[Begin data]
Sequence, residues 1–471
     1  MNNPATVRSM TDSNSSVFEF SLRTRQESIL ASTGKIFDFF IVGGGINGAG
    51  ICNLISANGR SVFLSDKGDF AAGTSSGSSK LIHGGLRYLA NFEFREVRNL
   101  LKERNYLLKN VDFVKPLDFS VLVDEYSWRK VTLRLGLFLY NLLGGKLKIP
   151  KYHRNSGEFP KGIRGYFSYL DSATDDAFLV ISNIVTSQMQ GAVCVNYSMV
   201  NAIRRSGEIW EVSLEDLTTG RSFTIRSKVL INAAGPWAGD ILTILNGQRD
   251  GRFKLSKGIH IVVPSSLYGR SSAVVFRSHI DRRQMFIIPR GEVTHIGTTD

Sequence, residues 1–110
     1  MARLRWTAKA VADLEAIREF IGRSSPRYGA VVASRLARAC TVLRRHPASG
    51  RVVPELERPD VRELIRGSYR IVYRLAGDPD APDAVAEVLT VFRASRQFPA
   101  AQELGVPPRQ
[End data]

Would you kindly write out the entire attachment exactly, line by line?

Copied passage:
Sequence, residues 1–471
     1  MNNPATVRSM TDSNSSVFEF SLRTRQESIL ASTGKIFDFF IVGGGINGAG
    51  ICNLISANGR SVFLSDKGDF AAGTSSGSSK LIHGGLRYLA NFEFREVRNL
   101  LKERNYLLKN VDFVKPLDFS VLVDEYSWRK VTLRLGLFLY NLLGGKLKIP
   151  KYHRNSGEFP KGIRGYFSYL DSATDDAFLV ISNIVTSQMQ GAVCVNYSMV
   201  NAIRRSGEIW EVSLEDLTTG RSFTIRSKVL INAAGPWAGD ILTILNGQRD
   251  GRFKLSKGIH IVVPSSLYGR SSAVVFRSHI DRRQMFIIPR GEVTHIGTTD

Sequence, residues 1–110
     1  MARLRWTAKA VADLEAIREF IGRSSPRYGA VVASRLARAC TVLRRHPASG
    51  RVVPELERPD VRELIRGSYR IVYRLAGDPD APDAVAEVLT VFRASRQFPA
   101  AQELGVPPRQ